The Environmental Impact of Fashion & Textiles

by Becky Phung

Take a second and think back to the last thing you threw away. Was it a greasy napkin from Panda Express? An empty plastic milk jug? A single threadbare sock from five years ago that you’ve finally decided to part with?

The concept of waste management is as old as time, especially recycling. Materials ranging from scrap metals to rubber were collected to be used in the production of new goods during World War I and II. During prehistoric times, more waste was recycled during periods of resource shortages.

Clothing is now perceived as disposable as much of the trash we throw away. Our collective need for newness and immediate gratification has led to the the growth of fast fashion retailers such as Zara, H&M, and Forever21. As a whole, the fashion industry has also doubled the amount of clothing produced from 2000 to 2014. What does this mean for our environment?

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For starters, consumer textile recycling is not as sophisticated as other post-consumer recycling systems. Textile recyclables are largely collected by private companies, and according to US E.P.A., of the 16 million tons of textile MSW (municipal solid waste) collected in 2014, only 2.62 million tons was recycled.

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Producing clothing also requires a substantial amount of resources due to the complex supply chain of the textiles and apparel industry. Cotton may be farmed in Texas, shipped for processing and weaving in Indonesia, shipped to Bangladesh to be cut and sewn into garments, then shipped back to the United States to be sold at retailers. Each step along the way has its own environmental impact, from the chemically-intensive process of fabric and yarn dyeing to the fabric wastage produced from cutting fabrics for sewing.

However, environmental impact doesn’t just stop at the end of the supply chain. According to Kate Fletcher, author of the 2008 book Sustainable Fashion and Textiles: Design Journeys, 66% of the fashion industry’s solid waste and carbon emissions result from washing and drying clothing. In 2017, IUCN also reported that washing synthetic textiles (i.e. polyester) results in 35% of the microplastics in the ocean, second after car tires.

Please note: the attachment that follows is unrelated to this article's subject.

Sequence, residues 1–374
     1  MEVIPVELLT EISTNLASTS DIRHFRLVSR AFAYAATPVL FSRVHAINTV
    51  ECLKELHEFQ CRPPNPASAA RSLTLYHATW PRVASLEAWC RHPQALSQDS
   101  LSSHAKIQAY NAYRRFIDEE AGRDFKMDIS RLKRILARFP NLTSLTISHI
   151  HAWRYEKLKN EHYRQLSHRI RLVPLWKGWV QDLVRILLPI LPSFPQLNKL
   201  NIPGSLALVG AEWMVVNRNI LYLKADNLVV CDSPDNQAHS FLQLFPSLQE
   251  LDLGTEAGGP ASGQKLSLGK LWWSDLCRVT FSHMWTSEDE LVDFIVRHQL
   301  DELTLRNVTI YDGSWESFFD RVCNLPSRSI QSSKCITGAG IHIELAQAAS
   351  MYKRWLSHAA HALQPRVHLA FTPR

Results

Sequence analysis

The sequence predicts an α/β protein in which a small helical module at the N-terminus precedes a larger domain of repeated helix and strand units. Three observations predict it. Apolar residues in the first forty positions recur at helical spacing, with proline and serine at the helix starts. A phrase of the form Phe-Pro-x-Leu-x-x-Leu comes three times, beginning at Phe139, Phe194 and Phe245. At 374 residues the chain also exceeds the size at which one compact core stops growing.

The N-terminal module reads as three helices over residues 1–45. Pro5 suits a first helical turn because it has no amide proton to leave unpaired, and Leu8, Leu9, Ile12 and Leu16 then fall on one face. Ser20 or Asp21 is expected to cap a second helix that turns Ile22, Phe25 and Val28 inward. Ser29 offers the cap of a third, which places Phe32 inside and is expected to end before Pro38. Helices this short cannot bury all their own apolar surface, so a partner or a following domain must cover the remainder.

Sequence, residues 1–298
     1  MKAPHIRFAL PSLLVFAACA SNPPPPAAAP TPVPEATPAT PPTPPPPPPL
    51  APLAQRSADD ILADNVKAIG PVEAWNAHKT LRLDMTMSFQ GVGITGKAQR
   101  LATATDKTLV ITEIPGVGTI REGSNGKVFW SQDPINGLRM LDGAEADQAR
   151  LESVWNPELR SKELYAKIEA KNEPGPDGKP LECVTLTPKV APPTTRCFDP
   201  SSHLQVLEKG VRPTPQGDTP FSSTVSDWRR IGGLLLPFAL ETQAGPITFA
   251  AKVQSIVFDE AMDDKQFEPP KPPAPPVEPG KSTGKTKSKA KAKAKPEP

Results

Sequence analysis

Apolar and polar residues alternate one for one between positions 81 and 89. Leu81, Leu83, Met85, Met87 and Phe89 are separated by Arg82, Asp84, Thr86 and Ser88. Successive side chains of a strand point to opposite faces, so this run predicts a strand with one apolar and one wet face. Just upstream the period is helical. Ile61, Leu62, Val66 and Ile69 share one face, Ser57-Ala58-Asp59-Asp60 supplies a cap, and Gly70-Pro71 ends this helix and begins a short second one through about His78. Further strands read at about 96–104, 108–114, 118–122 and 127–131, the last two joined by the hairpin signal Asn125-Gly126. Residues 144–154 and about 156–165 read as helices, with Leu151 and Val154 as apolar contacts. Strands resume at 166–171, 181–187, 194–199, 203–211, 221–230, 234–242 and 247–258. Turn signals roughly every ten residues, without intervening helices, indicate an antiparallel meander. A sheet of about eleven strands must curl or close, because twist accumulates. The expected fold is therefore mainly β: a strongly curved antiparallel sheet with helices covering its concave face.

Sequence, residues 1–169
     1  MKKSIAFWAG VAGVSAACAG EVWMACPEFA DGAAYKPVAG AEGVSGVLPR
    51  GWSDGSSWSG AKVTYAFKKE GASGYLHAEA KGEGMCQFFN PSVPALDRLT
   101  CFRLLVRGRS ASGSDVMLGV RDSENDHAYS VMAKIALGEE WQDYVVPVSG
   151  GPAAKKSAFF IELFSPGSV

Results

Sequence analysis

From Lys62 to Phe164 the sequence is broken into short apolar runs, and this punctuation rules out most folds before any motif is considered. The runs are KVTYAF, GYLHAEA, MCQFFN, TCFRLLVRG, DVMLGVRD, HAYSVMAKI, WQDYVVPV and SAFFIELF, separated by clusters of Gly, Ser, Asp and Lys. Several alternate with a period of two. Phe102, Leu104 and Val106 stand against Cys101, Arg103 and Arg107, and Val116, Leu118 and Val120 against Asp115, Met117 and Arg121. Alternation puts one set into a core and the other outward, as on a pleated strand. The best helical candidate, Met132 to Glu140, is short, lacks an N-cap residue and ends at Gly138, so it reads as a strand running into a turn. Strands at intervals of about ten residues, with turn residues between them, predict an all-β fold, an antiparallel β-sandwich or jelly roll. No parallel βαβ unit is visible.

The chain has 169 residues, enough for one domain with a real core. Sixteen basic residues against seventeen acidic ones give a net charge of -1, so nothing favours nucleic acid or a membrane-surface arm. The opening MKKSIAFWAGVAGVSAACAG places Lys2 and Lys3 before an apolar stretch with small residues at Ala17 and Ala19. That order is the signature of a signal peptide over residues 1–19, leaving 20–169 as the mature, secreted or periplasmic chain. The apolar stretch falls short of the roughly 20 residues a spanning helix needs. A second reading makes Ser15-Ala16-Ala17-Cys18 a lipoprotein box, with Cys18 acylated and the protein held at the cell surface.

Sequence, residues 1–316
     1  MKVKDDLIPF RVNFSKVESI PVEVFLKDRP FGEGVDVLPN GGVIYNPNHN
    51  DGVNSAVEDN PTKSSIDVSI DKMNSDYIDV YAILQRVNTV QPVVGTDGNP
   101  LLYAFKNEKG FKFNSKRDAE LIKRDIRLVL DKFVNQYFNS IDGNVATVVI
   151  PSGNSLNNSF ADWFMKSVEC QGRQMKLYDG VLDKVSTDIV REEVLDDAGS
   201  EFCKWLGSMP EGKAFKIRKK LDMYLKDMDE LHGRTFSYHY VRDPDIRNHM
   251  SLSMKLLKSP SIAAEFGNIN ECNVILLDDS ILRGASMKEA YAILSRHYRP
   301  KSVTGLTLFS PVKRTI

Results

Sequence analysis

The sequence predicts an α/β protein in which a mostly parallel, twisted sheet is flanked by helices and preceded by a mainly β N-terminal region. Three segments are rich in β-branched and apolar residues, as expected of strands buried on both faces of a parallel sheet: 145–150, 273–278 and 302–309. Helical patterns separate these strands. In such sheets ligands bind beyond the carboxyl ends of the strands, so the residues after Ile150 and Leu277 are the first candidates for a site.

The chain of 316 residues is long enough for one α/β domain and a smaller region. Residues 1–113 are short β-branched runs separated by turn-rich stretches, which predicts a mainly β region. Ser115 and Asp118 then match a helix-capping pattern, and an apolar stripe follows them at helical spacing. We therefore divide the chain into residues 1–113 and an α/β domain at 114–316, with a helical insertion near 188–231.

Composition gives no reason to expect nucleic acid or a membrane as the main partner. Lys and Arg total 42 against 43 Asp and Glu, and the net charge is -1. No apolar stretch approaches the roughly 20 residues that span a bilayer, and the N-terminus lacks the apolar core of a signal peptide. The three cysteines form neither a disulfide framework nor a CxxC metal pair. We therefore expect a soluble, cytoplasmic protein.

To combat textile waste on our campus, Dr. Jonathan Chen, Dr. Katherine Polston, and Professor Eve Nicols of the Textiles and Apparel Department created the Textiles and Apparel Recycling Campaign, a UT Green Fund funded research project that aims to set up a student-run recycling center on campus and, in the future, create regenerated rayon from collected cotton recyclables. This semester, we set up textile recycling bins in the lobbies of Jester East, West, Whitis Court, and Gearing Hall.

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As mentioned before, most textile products will most likely decompose in a landfill, releasing methane gas instead of being recycled into new products or donated for use by someone else. So think twice before clicking on that clothing ad on Facebook and repair your clothing if possible, but if you have a textile item you want to get rid of, place it in one of our bins!

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Textile recycling bin in Jester West Lobby

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